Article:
John Hickenlooper, Democratic candidate for the U.S. Senate seat in Colorado, speaks during a car rally for Doug Emhoff, husband of Democratic vice presidential candidate Kamala Harris, at East High School on Oct. 8. (AP Photo/David Zalubowski, File)

John Hickenlooper, Democratic candidate for the U.S. Senate seat in Colorado, speaks during a car rally for Doug Emhoff, husband of Democratic vice presidential candidate Kamala Harris, at East High School on Oct. 8. (AP Photo/David Zalubowski, File)

Democrats losing paths to Senate control as GOP hangs on

Several races remained undecided into Wednesday and at least one headed to a runoff in January.

By Lisa Mascaro and Mary Clare Jalonick / Associated Press

WASHINGTON — Hopes fading for Senate control, Democrats had a disappointing election night as Republicans swatted down an onslaught of challengers and fought to retain their fragile majority. Several races remained undecided into Wednesday and at least one headed to a runoff in January.

It was a jarring outcome for Democrats who had devised an expanded political map, eager to provide a backstop against President Donald Trump and his party’s grip on the Senate. The races attracted an unprecedented outpouring of small-dollar donations from Americans apparently voting with their pocketbooks to propel long-shot campaigns.

The voters’ choices will force a rethinking of Democratic Party strategy, messaging and approach from the Trump era.

While Democrats picked up must-win seats in Colorado and Arizona, they suffered a setback in Alabama, and Republicans held their own in one race after another — in South Carolina, Iowa, Texas, Kansas and Montana, dramatically limiting the places where Democrats hoped to make inroads.

“You wasted a lot of money,” said White House ally Sen. Lindsey Graham in Columbia, South Carolina, after defeating Jamie Harrison, despite the Democrat’s stunning $100 million haul for his upstart campaign. “This is the worst return on investment in the history of American politics.”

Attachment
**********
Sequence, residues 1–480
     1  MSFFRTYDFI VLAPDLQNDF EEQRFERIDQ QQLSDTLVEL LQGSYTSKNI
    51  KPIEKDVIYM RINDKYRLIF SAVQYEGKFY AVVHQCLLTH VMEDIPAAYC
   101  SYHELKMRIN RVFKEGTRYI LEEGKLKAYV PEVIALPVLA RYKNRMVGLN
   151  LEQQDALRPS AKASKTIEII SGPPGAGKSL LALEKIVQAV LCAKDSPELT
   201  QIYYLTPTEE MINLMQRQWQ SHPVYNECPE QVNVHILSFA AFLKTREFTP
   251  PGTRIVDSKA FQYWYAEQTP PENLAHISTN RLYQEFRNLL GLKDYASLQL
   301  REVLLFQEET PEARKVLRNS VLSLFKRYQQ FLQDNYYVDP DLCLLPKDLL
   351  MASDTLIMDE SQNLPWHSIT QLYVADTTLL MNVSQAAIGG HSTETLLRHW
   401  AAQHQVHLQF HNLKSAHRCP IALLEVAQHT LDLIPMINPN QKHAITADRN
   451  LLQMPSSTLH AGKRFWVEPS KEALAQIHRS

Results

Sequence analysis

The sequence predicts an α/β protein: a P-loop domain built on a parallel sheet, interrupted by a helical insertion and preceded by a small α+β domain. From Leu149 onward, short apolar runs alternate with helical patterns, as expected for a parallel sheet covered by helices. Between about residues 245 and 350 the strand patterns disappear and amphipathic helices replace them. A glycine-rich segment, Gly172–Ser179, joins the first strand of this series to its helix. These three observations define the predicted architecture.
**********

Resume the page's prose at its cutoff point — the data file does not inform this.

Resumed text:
Trump loomed large over the Senate races as did Democratic rival Joe Biden. The Trump administration’s handling of the COVID-19 crisis, its economic fallout and the nation’s uneasy mood all seemed to be on the ballot.

Voters ranked the pandemic and the economy as top concerns, according to AP VoteCast, a national survey of the electorate.

“It’s time for a different approach,” said Democrat John Hickenlooper, a former governor who unseated Republican Sen. Cory Gardner in Colorado, during a live video message posted on Facebook.

Yet voters, for the most part, stuck with the status quo.

Securing the Senate majority will be vital for the winner of the presidency. Senators confirm administration nominees, including the Cabinet, and can propel or stall the White House agenda. With Republicans now controlling the chamber, 53-47, three or four seats will determine party control, depending on who wins the presidency because the vice president can break a tie in the Senate.

Democrats contested seats from New England to the Deep South and the Midwest to the Mountain West, reaching deep into GOP strongholds. But by early Wednesday, the tally was not too different from before Election Day.

The Democrats’ gains were in Colorado and Arizona, where former astronaut Mark Kelly beat GOP incumbent Martha McSally. But they couldn’t hold on in Alabama: Former college football coach Tommy Tuberville defeated Sen. Doug Jones.

Several battlegrounds broke for Republicans: In South Carolina, Graham survived the race of his political career against Harrison; in Texas, Sen. John Cornyn turned back former Air Force helicopter pilot MJ Hegar; in Iowa, Sen. Joni Ernst defeated Democrat Theresa Greenfield in a race seen as a toss-up; in Montana, Sen. Steve Daines routed Gov. Steve Bullock; and in Kansas, Rep. Roger Marshall prevailed over state Sen. Barbara Bollier, a former Republican who energized Democrats in a state that hasn’t elected a Democrat to the Senate since 1932.

The final breakdown awaited the outcome of races in Alaska, Maine, Michigan, North Carolina and Maine.